Information for parents
Produced: March 2010
Review date: March 2013
What is a Squint?
A Squint (Strabismus) is a misalignment of the eyes so they do not look
together towards the same object. An eye may turn in (convergent squint) or
turn out (divergent squint). Occasionally one eye may be higher or lower than
the other (vertical squint). The squint may be there all the time (constant
squint) or only some of the time (intermittent squint).
What does the operation involve?
Your child will have a general anaesthetic. For further information please see
separate anaesthetic leaflet.
Surgery to correct a squint involves moving muscles attached to the surface
of the eye to a new position. Six external muscles are attached to each eye
but usually only one or two of these muscles are operated on. Generally it is
the squinting eye that is operated on but it may be necessary to operate on
the other eye to give better results by balancing the eyes. The eye is not
removed during surgery.
What are the expected benefits of treatment?
Surgery is expected to improve cosmetic appearance of the squint by
reducing the angle and may also enable the eyes to work together better,
which helps 3D vision (the binocular function). In some cases surgery may
relieve double vision.
What are the alternatives?
Surgery will only be suggested when there are no applicable alternatives.
In a few cases botulinum toxin injections may help a squint but its effects are
short term and it is rarely appropriate for the long term management of squints
What happens before admission?
Your child’s admission will be planned as a day-case. This means your
child will usually have the operation and go home the same day, but
may need to stay overnight
You will receive a phone call to check that the planned admission date
This will be followed by a letter confirming the date and giving further
details about the admission
A separate letter will be sent to you with a date for your child to attend
for a pre-operative orthoptic assessment. This will usually be arranged
during the final fortnight before the admission date
Please let the orthoptist know if you have to cancel as failure to attend
may mean your child’s operation has to be cancelled
If your child wears glasses please bring them to the pre-operative
A visit to the children’s ward prior to admission is highly recommended
and is usually arranged to follow on from the pre-operative orthoptic
assessment. This can help alleviate anxiety for you and your child and
familiarise yourself with the location and facilities
What happens after the operation?
The eye may be red, gritty and a little sore and your child may experience
some blurred vision. The skin around the eye is not affected. Your child may
have an eye patch over the eye and this is left on for as long as your child
tolerates it. It will stop your child rubbing the eye and it will soak up any blood-
stained tears. The patch will be removed before your child is discharged.
Out-patient appointments will be given to you for your child to see the
orthoptist and the doctor.
What should I do when my child goes home?
Your child will be given eye drops to take home and you should use
these as instructed
Discourage rubbing or touching the eye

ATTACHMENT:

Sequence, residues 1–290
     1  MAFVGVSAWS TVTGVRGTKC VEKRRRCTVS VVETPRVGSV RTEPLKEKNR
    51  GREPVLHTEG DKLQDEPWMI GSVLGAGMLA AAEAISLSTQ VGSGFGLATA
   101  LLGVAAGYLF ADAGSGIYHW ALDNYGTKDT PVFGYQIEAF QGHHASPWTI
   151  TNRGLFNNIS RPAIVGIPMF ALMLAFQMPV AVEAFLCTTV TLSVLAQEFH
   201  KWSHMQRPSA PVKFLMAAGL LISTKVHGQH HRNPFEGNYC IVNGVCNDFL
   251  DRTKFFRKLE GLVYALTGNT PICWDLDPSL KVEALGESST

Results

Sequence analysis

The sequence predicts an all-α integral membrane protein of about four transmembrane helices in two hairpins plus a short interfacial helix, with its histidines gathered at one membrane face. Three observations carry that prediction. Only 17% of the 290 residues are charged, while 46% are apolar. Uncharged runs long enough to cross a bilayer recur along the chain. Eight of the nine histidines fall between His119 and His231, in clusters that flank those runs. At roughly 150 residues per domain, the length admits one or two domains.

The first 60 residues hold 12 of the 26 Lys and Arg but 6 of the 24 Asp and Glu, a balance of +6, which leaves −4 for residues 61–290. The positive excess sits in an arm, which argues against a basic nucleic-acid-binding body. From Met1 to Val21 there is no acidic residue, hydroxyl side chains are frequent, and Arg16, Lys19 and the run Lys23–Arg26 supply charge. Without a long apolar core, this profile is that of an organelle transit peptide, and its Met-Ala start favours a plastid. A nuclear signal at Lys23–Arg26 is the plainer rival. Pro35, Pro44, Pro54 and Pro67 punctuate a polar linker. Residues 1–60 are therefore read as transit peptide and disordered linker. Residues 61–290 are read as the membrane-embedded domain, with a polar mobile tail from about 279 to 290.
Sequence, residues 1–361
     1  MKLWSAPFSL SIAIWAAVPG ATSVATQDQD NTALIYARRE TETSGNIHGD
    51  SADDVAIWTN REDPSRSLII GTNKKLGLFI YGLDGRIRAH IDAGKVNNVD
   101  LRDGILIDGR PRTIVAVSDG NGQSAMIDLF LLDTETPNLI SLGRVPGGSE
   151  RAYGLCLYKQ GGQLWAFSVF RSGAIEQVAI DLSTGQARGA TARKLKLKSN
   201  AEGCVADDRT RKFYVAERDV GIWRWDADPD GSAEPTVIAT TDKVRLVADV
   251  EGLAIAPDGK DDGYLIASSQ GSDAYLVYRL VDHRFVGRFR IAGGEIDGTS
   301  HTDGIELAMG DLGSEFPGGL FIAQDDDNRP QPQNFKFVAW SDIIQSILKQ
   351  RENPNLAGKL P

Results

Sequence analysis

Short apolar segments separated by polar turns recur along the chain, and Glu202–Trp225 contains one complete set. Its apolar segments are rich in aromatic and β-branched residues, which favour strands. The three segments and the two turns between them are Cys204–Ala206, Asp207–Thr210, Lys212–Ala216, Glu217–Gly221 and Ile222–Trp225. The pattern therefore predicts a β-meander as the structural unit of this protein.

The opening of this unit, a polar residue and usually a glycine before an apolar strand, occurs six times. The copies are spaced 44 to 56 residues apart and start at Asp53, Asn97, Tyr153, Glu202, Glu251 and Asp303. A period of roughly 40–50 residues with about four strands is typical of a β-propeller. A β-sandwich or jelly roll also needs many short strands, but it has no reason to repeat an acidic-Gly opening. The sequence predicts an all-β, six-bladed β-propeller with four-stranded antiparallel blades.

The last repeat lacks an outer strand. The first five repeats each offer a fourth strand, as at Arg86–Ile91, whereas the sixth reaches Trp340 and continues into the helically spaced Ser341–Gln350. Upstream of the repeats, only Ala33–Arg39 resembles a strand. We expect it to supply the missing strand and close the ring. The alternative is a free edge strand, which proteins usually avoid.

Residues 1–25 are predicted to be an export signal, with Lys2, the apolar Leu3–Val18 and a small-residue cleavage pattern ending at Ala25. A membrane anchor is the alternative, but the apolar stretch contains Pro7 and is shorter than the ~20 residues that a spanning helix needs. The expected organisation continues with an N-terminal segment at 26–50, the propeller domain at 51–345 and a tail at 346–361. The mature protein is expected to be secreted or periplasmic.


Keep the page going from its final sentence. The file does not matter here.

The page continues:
The redness of the eye can last up to four weeks
Give your child painkillers as required
Wash the face as usual. If the eye(s) are a little sticky use cotton wool,
soaked in cooled boiled water. Clean from the nose outwards using
each cotton wool pad only once
Use a mild baby shampoo for hair washing
Your child should stay off school for at least a week, but otherwise, can
return to normal daily activities avoiding dusty and sandy environments
for two weeks, contact sports for four weeks and swimming for four to
Your child should continue to wear glasses as normal unless advised by
an orthoptist or doctor
Will we have to come back to hospital?
An appointment will be made for your child to return to the eye clinic to see a
doctor and an orthoptist soon after your surgery.
What are the potential risks and side effects?
Squint surgery is very safe and complications are rare
A general anaesthetic is required, which carries some risk. Further
information can be found in Anaesthetics information leaflets
Your child may experience nausea following surgery but medication
can be given to relieve this
In the operated eye, bleeding and infection can occur and during
surgery, perforation of the eye and retinal damage can occur. Both of
these are extremely rare
There may be an under or over-correction of the squint and further
surgery may be advised. It may not be possible to achieve perfect
Your child may get some double vision but this is often temporary
Scarring can occur at the surgery site although this is usually not
noticeable after some months
Repeat squint surgery carries a slightly higher risk of noticeable
Although you will sign a consent form for this treatment, you may at any
time after that withdraw such consent. Please discuss this with your
Other sources of information
If you experience any problems following your operation please contact:
Royal Preston Hospital children’s ward (Ward 5) 01772 522245
Royal Preston Hospital Orthoptic department 01772 522417
If you require this leaflet in any other format such as larger print, audio tape,
Braille or an alternative language, please ask at one of our PALs offices.
If you require interpreting services during your hospital visit please ask a
member of staff who will be able to organise this for you via the appropriate
After reading this information are there any questions you would like to ask?
Please ask the orthoptist or your surgeon
Sources of further information:
Lancashire Teaching Hospitals
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